Any panel that starts out with Molly Lewis performing the theme song from the top of her show, and then forgetting the lyrics, is definitely something special. The panel, “You Wrote a Musical about WHAT?: Writing Niche Musical for a Niche Audience,” was all about her show, Thanksgiving Versus Christmas: A New Holiday Musical by Molly Lewis and how she and Josh Cagan wrote, created, and staged the performances at The Triple Door in Seattle. Also on the panel at 11:30AM in Regency VI–VII (Hy) was Joseph Scrimshaw, who directed the show and served as the narrator, and The Doubleclicks, who performed in the show.
The show was created as a way for Lewis to make a case for Thanksgiving, which she feels is underappreciated and bowled over by Christmas. “We kind of go from Halloween straight to Christmas and it bums me out. So I’m taking a stand. In song,” she said.
The panel also offered their opinions on Thanksgiving, which was overwhelmingly pro. Cagan summarized his opinion with, “I like naps,” which of course features heavily on Thanksgiving. Scrimshaw was the lone voice of mild dissension, saying that he had mixed feelings about Thanksgiving. For him it used to be just like Christmas with all of the emotional family difficulty and guilt with none of the payoffs of Christmas presents, but that now he and his wife celebrate Thanksgiving together and it has changed how he feels about the holiday.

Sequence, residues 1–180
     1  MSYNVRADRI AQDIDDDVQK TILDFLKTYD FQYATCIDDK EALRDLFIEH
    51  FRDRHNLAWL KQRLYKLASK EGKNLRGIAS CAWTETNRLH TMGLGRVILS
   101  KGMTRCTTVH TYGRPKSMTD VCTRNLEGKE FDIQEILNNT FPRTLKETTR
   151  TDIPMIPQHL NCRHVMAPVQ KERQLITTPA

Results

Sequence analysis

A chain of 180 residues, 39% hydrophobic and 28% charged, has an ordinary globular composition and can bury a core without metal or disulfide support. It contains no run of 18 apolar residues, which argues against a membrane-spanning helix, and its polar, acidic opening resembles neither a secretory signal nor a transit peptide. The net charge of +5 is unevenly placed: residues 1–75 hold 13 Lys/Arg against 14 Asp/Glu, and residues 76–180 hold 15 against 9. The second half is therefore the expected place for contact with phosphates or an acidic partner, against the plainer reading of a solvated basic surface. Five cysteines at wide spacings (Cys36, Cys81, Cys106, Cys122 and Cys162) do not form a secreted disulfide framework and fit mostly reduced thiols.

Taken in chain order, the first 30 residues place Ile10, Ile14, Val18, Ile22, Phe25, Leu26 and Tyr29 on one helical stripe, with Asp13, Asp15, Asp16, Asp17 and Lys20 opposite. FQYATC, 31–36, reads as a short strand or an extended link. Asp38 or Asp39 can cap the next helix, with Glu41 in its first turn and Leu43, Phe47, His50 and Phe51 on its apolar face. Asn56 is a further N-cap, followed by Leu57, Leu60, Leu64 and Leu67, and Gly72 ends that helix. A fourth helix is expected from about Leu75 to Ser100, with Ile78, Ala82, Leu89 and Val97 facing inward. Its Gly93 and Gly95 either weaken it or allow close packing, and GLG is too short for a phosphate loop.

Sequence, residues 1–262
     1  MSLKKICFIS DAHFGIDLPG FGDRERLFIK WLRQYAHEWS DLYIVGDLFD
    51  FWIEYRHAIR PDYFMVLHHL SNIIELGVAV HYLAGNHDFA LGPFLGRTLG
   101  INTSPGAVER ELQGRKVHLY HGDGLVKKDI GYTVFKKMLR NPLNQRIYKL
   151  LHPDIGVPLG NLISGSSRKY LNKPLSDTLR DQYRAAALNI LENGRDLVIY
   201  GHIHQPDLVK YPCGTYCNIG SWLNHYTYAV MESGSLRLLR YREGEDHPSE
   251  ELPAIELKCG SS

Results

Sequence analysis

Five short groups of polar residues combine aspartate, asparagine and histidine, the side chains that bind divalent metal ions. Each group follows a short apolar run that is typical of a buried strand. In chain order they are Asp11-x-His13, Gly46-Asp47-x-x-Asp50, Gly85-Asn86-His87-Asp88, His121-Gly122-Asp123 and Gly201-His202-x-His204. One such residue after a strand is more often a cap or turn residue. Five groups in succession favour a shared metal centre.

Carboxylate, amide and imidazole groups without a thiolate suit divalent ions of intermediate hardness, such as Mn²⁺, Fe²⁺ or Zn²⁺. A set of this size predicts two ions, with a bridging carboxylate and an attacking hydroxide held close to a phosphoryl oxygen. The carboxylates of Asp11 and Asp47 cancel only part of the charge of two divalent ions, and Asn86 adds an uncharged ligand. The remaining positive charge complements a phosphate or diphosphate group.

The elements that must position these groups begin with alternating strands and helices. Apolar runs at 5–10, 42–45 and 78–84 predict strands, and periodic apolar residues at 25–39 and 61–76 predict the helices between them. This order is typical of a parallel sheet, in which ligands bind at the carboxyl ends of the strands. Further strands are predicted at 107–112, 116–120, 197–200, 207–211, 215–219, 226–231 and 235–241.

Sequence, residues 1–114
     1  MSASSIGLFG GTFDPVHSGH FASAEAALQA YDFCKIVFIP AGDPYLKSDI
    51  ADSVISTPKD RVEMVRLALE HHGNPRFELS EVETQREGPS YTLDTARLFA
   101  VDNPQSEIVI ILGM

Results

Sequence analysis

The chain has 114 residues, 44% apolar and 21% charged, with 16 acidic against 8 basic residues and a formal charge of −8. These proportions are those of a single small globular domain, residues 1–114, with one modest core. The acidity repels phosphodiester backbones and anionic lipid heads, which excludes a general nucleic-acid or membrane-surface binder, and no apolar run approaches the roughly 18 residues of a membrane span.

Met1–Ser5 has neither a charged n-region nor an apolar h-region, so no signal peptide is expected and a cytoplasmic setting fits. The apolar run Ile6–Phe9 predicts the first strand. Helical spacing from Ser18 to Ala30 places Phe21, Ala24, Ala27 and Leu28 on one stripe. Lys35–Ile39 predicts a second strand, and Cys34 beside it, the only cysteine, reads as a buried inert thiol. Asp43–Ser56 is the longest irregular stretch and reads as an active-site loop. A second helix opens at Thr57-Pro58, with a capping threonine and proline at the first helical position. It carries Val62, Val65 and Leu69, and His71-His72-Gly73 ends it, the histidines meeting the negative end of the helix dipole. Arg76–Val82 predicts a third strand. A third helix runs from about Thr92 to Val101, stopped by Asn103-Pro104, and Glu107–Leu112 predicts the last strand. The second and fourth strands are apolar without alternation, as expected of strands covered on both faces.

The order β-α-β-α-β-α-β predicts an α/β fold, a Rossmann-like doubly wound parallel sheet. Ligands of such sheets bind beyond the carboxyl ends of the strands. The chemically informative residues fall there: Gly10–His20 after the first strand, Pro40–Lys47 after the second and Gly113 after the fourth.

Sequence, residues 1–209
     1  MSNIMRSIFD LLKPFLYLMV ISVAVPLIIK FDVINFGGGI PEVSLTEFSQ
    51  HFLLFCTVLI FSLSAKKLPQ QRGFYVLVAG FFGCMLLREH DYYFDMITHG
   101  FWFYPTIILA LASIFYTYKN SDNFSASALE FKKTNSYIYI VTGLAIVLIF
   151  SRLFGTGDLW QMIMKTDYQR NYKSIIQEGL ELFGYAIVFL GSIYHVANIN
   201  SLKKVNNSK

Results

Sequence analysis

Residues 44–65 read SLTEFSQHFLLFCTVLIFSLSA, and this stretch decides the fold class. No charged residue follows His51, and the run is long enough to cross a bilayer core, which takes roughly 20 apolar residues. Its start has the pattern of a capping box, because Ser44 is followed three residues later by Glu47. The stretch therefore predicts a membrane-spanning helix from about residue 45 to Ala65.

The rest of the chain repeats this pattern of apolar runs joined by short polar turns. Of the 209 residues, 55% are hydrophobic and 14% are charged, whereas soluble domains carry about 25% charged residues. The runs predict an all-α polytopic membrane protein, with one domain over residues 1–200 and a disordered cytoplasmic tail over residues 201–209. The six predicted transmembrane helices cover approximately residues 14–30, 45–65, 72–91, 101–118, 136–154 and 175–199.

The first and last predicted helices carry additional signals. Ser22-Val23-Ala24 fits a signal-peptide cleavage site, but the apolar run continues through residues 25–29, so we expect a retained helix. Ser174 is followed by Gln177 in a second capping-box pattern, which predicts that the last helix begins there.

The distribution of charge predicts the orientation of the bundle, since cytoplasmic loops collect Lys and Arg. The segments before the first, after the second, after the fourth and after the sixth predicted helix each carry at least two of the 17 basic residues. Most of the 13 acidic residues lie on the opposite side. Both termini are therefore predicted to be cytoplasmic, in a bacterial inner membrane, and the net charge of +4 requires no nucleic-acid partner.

Writing the show started with “about a year of dithering” as Cagan put it, but was a true collaboration between him and Lewis with the songs influencing the writing just as much as the writing influenced the songs. Scrimshaw added that the musical did what it was supposed to do, which was have the singing be the part of the highest emotion that served the deeper thematic story, while the non-singing parts served the main story.
When Lewis forgot the words to her opening song, she was helped out by moderator Aaron Fever holding the lyrics sheet that’s in the liner notes of the show’s CD. It was important to Scrimshaw that the recording be listenable to those who haven’t seen the show and eliminating too many physical sight gags. It was also important to Cagan and Lewis that the show not be an evening of “utter nonsense for a ‘square’ walking in off the street” but service the geek community that was sure to attend. Scrimshaw added that the show was richer if you were already a fan of the people performing the show but that it remained accessible to everyone. The challenge for Lewis was to determine how much information it was necessary to reveal about each performer so that the songs would work. In the case of The Doubleclicks, all that was really needed was to note that they were sisters and one was older than the other, or that Marian Call is from Alaska.
The Doubleclicks (otherwise known as Angela and Aubrey Webber) commented that performing in the show was much more like “a big party with all of our friends and then we did a show!” They got to play themselves with content that they didn’t have to write, which resulted in them “getting a lot of praise for something they didn’t do,” Angela noted.
During the panel, Lewis also performed “The Pumpkin Spice Lament,” all about the too-early demise of the availability of pumpkin spice lattes, and “Thanksgiving > Christmas,” which is largely about how Thanksgiving is better because Lewis’s birthday coincides with it and she gets presents no matter what.
Lewis has CDs of the show to purchase, which she will have with her at “Gonzoroo: The Deep Hurting Summertime Special,” Saturday at 8PM in the Marriott Atrium Ballroom. The CDs come in two versions: a single disc and a double disc. The single disc is $25 and the double is $30, and yes, they can take credit cards as payment. The album is also available on Bandcamp for purchase at https://mollylewis.bandcamp.com/album/thanksgiving-vs-christmas.